England reclaims The Ashes and twists the knife
Ricky Ponting’s shock at his team’s emphatic defeat at the hands of England in the deciding Ashes Test is revealed in his concern for his own future he expressed after the game.
“I really don’t know what to expect,” he said when asked about facing the music back in Australia. “Hopefully most of the questions being asked will be from journalists and not from people above me.”
England’s Daily Telegraph twisted the knife, pointing out that Australia was now fourth in the world rankings and that, combined with the loss of The Ashes, would be “a permanent stain” on Ponting’s career.
Even the ICC’s official match report notes: “Ponting suffered the ignominy of being the only the second Australia captain in 132 years of Ashes history to lose two series on England soil.” Ouch.
One of the things the English managed to do well at the Oval (match report and video highlights here) was to stop getting ahead of themselves. That all went out the window at the end of the day’s play, with captain Andrew Strauss saying the Poms could now go on to overtake India and South Africa to become the world’s No.1 cricket team.
Steady on, Andy.
How did this happen? There are as many suspects as for the assassination of JFK. The selectors were wrong. The pitch was rigged. The umpires were playing for England.
Late in the first day’s play I took a note after Andrew Flintoff, playing in his final Test, was dismissed in the first innings. David Gower in the commentary box said: “Anyway, Flintoff is gone. It’s down to Trott, and Broad now.”
My note was: Could you hear anything more dispiriting as an England supporter?
After a lacklustre performance with the bat at Headingley, a sense of impending doom hung over the English. The country looked to the ageing Flintoff, who went into the match carrying an injury, as the man who could carry them to a win.
As it turned out, Trott and Broad won The Ashes for England.
Broad rained fire on the Australians to take five-for, while Trott would take a fingertip catch at short cover to dismiss Michael Clarke and then go on to grind out a century in the second innings that gave England an insurmountable run total.
As for the Flintoff heroics - well, it was a disappointing end to the Test career of a man who has entertained crowds so much with bat and ball. He was out for just 7 in the first innings, slashing at at Johnson delivery. In the second innings he ambled out to the middle and on his second ball pulled Marcus North over to the on-side boundary for four. He slapped another few around before being dismissed for just 22.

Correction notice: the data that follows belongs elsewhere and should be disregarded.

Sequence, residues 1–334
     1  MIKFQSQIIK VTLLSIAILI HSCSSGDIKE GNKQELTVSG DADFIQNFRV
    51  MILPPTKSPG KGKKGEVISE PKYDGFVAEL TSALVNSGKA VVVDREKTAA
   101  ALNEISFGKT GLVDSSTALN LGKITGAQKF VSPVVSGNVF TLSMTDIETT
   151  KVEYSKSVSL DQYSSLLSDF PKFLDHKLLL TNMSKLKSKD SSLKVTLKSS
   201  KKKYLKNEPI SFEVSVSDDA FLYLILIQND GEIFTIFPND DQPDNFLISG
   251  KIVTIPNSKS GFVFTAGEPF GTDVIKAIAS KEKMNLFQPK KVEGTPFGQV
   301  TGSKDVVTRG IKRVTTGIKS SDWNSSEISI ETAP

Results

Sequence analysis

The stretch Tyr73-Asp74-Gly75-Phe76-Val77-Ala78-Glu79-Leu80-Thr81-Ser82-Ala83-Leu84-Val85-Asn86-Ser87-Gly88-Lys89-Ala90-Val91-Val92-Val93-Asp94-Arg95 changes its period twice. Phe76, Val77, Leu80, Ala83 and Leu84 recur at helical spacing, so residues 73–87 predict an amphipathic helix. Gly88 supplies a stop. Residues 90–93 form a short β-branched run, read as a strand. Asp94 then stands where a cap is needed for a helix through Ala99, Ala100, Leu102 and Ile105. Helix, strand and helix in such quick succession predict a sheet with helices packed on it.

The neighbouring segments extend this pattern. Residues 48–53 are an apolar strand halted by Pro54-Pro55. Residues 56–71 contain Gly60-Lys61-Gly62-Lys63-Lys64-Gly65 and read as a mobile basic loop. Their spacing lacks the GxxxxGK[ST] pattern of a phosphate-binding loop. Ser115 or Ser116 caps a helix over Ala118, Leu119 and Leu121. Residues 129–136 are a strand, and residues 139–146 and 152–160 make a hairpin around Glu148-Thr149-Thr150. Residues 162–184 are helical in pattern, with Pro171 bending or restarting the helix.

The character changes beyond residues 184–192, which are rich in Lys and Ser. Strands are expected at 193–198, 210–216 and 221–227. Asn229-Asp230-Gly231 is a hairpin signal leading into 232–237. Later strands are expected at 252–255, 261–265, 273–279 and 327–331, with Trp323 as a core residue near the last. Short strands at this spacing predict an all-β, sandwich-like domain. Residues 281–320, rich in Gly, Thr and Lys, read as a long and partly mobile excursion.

There was one special moment for him, though: running out Ricky Ponting in the second innings. To be fair, the call from Mike Hussey for the run was appalling and did give him about five minutes to pick up the ball and take aim, but he nailed it, sending the near stump flying out of the ground. It marked the beginning of the end of the Australian resistance and, hey, we got to see that trademark Flintoff braggadocio (though The Mirror took it a bit far in this report):
Australia put the lie to any argument over the state of the pitch by posting 348 in their second innings, even with the tail capitulating. Wickets were taken with decisions of millimetres, including Michael Clarke’s run out and Marcus North’s stumping, which were both as close as you can get to being not out, but out. The dismissals of Ponting, Clarke, and North were nothing to do with the pitch and everything to do with brilliant fielding from the Poms.
The truth is Australia’s poor first innings total was because of Broad’s astounding bowling, his deliveries moving right or left off the pitch, and off varying lengths. The way he got it to nip around had shades of Glenn McGrath about it – except Broad was bowling at the top of off-stump, not six inches outside it. It must have been terrifying for the Australians to watch from the sheds.
The English, I would argue, won this Test because captain Andrew Strauss made the right bowling calls, set the right fields, and the Aussies let a 23-year-old get into their heads. It was brilliant, intimidating cricket.
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